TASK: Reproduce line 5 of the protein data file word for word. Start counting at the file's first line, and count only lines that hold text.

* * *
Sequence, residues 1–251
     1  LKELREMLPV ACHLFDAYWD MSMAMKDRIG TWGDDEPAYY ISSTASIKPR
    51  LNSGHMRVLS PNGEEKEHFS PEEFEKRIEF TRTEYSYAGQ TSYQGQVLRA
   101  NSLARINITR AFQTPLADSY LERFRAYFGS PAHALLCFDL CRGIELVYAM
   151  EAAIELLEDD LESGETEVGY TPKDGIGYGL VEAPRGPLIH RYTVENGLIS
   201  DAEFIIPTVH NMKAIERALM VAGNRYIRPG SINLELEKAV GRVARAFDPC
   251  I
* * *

   151  EAAIELLEDD LESGETEVGY TPKDGIGYGL VEAPRGPLIH RYTVENGLIS